Freedom Memoirs – Day 11

Waking up to another day of dictatorship feels awful. Why? Because we had a taste of democracy in the past decade. What we had from 2011-2020 was merely a facade democracy with 25% of non-elected military MPs in parliaments. But we witnessed how the parliaments worked, how the power was separated into three branches, and how they checked and balanced one another. Remember there were times when some ministers had to show up at parliament sessions to explain/resolve the questions raised by the parliamentarians? That’s how check and balance worked, and remember we did not even have an authentic democracy back then.

It usually takes weeks/months to enact a law through parliament: a draft shall be prepared by a committee of MPs, it shall be discussed, and amended/added according to the discussions. Only after a series of procedures, it shall be approved by both houses of the parliament, then forwarded it to the president. In today’s paper, the Yangon and Mandalay city development laws were amended with just one directive of the dictator. No discussion, no opinion needed. Just one signature from him is needed because he holds all three branches of power: legislative, executive and judicial. Yesterday we saw a draft bill of cyber security law and got all freaked out. It has been requested several experts to give opinions until February 15 but does he even … care?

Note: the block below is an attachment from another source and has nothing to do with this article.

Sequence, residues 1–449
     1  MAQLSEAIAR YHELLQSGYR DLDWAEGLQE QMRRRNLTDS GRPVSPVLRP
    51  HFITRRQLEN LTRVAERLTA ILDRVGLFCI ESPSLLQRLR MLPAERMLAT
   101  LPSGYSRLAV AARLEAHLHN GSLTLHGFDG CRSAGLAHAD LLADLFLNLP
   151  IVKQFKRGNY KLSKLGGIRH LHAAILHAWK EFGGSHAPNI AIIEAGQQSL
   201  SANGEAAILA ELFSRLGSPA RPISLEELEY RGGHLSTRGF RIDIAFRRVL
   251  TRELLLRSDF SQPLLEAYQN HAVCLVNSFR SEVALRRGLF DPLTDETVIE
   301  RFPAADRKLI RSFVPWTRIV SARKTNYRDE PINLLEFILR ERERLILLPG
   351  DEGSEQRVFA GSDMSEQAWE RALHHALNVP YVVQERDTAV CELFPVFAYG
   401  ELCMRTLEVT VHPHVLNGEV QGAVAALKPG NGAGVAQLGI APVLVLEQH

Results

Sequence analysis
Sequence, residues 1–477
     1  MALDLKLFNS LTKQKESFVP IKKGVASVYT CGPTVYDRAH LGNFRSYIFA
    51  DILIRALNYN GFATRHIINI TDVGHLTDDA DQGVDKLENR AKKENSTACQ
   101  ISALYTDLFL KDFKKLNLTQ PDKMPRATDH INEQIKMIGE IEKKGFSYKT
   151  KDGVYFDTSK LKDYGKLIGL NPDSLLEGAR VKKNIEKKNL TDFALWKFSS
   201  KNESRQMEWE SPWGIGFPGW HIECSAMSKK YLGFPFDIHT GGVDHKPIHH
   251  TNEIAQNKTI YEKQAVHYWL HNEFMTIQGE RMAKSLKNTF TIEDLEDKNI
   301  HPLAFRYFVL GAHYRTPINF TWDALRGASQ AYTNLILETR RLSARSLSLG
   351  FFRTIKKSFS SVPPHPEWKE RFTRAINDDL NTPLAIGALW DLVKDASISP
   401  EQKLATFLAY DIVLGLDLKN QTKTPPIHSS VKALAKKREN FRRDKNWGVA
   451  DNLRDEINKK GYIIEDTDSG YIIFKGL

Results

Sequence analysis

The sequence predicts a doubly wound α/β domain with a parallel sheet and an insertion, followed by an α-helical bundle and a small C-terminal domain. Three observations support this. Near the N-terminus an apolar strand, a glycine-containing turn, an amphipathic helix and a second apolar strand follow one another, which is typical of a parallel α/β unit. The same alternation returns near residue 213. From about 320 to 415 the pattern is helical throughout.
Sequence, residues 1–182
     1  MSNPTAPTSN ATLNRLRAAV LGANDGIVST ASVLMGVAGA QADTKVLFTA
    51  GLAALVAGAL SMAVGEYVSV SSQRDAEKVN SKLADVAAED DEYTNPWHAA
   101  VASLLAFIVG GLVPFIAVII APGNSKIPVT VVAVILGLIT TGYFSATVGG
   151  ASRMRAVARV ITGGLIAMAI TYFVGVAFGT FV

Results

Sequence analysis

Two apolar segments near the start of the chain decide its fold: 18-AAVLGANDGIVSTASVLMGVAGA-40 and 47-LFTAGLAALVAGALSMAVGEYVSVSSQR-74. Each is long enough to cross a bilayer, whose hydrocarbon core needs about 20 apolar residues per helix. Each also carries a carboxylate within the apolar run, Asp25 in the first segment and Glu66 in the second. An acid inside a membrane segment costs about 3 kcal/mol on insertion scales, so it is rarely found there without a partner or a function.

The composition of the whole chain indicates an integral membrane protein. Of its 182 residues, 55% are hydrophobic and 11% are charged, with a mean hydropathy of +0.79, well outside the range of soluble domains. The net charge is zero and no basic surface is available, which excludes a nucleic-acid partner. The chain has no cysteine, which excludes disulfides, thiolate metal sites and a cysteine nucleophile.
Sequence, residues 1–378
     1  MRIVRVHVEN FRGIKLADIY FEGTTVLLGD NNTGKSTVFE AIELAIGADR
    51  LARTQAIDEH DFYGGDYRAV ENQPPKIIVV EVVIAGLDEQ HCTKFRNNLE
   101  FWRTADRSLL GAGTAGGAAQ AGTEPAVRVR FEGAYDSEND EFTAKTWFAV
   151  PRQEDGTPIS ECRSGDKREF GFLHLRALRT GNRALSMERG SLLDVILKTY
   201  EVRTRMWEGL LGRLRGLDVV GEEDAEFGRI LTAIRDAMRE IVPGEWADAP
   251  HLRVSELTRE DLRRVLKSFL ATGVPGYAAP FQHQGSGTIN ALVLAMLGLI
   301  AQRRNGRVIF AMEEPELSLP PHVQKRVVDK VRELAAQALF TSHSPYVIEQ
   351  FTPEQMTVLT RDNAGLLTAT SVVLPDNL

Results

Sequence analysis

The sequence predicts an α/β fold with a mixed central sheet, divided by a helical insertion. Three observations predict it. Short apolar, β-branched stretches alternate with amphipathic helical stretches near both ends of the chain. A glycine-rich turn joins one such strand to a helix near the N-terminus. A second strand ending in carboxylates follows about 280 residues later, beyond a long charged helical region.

The Civil Disobedience Movement plays a vital role in stopping the government mechanism. Without a functioning government, what is he going to do? Arrest people himself? You know it’s not going to happen. All the laws he enacts and all the directives he gives will mean nothing. (But it’s not like we care any of those right now though.) That’s why we are pushing the CDM movement, encouraging all civil servants to join the resistance. 

We saw that protesters came out with even more creative and fashionable outfits today. Remarkable one were traditional Myanmar outfits, Myanmar Nat (Spirit/Angel) costumes, Lady Justice costumes and Maleficent. Another day of no major violence feels strange. Once again, the evils don’t come out in broad daylight. So be extra cautious and careful at night. 

It is going to be a long battle. We must be resistant and consistent. Let’s keep protesting peacefully in the daytime, banging pots and pans in the nighttime. We must win this.

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